Dec 23, 2018

How Reid Hoffman sees the future

Photo: Steve Jennings/Getty Images for TechCrunch

Reid Hoffman — co-founder of LinkedIn, Greylock partner and co-author of the new "Blitzscaling: The Lightning-Fast Path to Building Massively Valuable Companies" — joins a venture-capital roundtable for Barron's.

What's next: "People think cloud computing is already big, so they move on. But combining multiple sources of data with VR and AI techniques has stunning implications. Would you rather have your average radiologist or a trained AI program read your films? This transformation is just beginning."

  • "Moore’s Law is coming to space. We are going to see a revolution in space. We could see manufacturing in space, and maybe on Mars. At the moment, this sounds like science fiction. It’s not usually talked about much, unlike AI and biotech. I have invested in a satellite propulsion company, Apollo Fusion."

Between the lines: Hoffman weighed in on IPOs...

  • "You can usually tell when a company is really getting ready to go public because they hire a public-company chief financial officer 12 to 24 months beforehand."
  • "In addition to getting liquidity, companies frequently use IPOs ... to have a debutante moment. When you come public, there is a whole bunch of press oriented toward you. But if you have a suck-all-the-oxygen-out-of-the-room political fight [in 2020], that could pose challenges for the debutante feature of going public."

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World coronavirus updates

Data: The Center for Systems Science and Engineering at Johns Hopkins; Map: Axios Visuals

Japan's economy minister outlined plans on Monday to end the nationwide state of emergency as the number of new novel coronavirus cases continues to decline to less than 50 a day, per Bloomberg. Japan has reported 16,550 cases and 820 deaths.

By the numbers: Over 5.4 million people have tested positive for the virus as of Monday, and more than 2.1 million have recovered. The U.S. has reported the most cases in the world (over 1.6 million from 13.7 million tests). The U.K. is reporting over 36,800 deaths from the coronavirus — the most fatalities outside the U.S.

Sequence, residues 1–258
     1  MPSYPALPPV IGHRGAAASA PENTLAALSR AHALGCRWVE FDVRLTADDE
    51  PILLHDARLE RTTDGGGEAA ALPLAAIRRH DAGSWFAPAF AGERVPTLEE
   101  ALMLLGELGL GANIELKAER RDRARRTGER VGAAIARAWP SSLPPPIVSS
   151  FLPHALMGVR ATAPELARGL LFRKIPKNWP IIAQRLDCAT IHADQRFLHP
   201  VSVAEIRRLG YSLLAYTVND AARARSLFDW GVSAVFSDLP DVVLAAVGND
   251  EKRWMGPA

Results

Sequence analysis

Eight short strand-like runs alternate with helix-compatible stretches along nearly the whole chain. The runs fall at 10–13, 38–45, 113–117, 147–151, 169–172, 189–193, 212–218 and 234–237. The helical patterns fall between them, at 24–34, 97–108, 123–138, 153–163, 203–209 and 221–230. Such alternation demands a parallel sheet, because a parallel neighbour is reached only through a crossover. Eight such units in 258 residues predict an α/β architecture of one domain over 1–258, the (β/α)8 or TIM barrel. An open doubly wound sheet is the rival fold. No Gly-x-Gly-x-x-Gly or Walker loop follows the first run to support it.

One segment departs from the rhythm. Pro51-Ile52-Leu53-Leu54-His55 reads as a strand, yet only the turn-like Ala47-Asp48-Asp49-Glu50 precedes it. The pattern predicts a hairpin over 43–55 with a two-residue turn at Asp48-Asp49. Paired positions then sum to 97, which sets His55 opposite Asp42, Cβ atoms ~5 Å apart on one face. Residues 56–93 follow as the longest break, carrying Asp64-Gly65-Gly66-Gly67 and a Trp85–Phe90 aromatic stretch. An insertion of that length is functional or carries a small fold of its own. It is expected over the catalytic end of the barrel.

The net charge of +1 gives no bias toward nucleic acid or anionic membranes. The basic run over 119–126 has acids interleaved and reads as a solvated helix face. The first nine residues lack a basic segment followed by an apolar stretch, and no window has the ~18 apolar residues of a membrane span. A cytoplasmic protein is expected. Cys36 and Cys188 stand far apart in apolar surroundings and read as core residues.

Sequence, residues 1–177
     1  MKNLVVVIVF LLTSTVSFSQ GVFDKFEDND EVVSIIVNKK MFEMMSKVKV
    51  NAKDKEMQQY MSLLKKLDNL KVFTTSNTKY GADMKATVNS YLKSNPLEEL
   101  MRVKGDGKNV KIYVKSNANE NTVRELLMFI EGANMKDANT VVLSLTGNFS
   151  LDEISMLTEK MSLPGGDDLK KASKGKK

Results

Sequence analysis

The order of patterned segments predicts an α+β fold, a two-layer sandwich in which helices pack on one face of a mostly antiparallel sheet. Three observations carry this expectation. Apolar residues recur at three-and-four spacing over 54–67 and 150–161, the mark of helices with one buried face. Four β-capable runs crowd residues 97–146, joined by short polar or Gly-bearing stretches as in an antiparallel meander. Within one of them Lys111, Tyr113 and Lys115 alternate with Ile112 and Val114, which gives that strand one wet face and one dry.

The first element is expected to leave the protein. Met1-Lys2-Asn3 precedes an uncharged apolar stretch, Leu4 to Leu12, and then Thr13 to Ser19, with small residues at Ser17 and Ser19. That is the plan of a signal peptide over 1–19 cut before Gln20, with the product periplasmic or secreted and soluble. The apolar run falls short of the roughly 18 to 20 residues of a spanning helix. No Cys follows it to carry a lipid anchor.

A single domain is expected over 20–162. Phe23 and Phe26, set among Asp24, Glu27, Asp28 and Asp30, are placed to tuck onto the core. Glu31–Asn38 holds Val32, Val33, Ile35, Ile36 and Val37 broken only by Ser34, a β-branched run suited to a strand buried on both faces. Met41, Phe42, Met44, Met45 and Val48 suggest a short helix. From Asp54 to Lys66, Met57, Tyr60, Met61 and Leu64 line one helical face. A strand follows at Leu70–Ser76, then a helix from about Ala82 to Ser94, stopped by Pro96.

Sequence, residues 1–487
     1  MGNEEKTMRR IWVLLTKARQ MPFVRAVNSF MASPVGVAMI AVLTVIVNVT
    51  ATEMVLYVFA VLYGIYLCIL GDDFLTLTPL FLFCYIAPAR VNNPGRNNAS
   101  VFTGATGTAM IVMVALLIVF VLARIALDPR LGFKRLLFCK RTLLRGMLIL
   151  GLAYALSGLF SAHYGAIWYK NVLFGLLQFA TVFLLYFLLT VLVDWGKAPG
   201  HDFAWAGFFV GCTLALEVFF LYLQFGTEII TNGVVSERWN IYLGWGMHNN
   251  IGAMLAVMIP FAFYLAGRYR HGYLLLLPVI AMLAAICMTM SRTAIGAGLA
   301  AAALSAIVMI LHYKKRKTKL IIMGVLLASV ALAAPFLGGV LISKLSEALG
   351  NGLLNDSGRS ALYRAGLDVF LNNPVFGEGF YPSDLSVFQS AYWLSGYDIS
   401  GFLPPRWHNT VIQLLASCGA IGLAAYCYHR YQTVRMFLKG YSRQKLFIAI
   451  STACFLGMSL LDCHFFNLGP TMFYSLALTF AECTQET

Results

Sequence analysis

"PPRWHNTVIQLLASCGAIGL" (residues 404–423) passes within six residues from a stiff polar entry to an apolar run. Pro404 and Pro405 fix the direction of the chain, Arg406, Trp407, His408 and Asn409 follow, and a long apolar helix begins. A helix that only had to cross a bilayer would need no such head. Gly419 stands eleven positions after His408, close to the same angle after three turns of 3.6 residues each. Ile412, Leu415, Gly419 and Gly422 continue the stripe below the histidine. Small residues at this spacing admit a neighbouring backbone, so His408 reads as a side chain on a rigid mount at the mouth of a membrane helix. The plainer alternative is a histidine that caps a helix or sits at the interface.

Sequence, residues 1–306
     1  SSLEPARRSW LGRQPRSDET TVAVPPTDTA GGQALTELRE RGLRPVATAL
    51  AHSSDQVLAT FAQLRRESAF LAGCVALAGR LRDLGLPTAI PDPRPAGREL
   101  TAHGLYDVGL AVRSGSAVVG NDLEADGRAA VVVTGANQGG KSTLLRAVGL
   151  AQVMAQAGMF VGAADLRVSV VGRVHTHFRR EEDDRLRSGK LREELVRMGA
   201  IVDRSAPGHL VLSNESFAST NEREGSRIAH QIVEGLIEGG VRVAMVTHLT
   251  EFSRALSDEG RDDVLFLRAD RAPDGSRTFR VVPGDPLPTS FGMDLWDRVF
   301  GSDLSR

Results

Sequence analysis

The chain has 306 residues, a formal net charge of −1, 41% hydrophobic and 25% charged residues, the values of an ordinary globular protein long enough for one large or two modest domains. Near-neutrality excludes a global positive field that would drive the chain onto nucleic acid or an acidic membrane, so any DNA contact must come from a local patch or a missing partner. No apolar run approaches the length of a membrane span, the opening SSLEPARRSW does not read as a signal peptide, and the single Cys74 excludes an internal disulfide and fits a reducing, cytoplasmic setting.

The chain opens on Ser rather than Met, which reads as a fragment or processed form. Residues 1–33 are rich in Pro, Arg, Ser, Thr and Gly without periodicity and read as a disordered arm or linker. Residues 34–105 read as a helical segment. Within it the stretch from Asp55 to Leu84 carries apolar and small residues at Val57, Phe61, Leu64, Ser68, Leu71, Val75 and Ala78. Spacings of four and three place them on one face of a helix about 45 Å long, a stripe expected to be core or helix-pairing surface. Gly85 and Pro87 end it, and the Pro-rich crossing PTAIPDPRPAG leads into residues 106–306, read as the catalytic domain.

Coronavirus dashboard

Illustration: Aïda Amer/Axios

  1. Global: Total confirmed cases as of midnight ET: 5,401,701 — Total deaths: 345,060 — Total recoveries — 2,149,407Map.
  2. U.S.: Total confirmed cases as of midnight ET: 1,643,238 — Total deaths: 97,720 — Total recoveries: 366,736 — Total tested: 14,163,195Map.
  3. World: White House announces travel restrictions on Brazil, coronavirus hotspot in Southern Hemisphere Over 100 coronavirus cases in Germany tied to single day of church services — Boris Johnson backs top aide amid reports that he broke U.K. lockdown while exhibiting symptoms.
  4. Public health: Officials are urging Americans to wear masks headed into Memorial Day weekend Report finds "little evidence" coronavirus under control in most statesHurricanes, wildfires, the flu could strain COVID-19 response
  5. Economy: White House economic adviser Kevin Hassett says it's possible the unemployment rate could still be in double digits by November's election — Public employees brace for layoffs.
  6. Federal government: Trump attacks a Columbia University study that suggests earlier lockdown could have saved 36,000 American lives.
  7. What should I do? Hydroxychloroquine questions answeredTraveling, asthma, dishes, disinfectants and being contagiousMasks, lending books and self-isolatingExercise, laundry, what counts as soap — Pets, moving and personal healthAnswers about the virus from Axios expertsWhat to know about social distancingHow to minimize your risk.
  8. Other resources: CDC on how to avoid the virus, what to do if you get it, the right mask to wear.

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Updated 2 hours ago - Politics & Policy

U.S. coronavirus updates

Data: The Center for Systems Science and Engineering at Johns Hopkins; Map: Andrew Witherspoon/Axios. This graphic includes "probable deaths" that New York City began reporting on April 14.

President Trump doubled down on his push to reopen schools, tweeting late Sunday: "Schools in our country should be opened ASAP."

Zoom in: Trump pushed back on NIAD Director Anthony Fauci cautioning against the move earlier this month, calling his concerns "not an acceptable answer."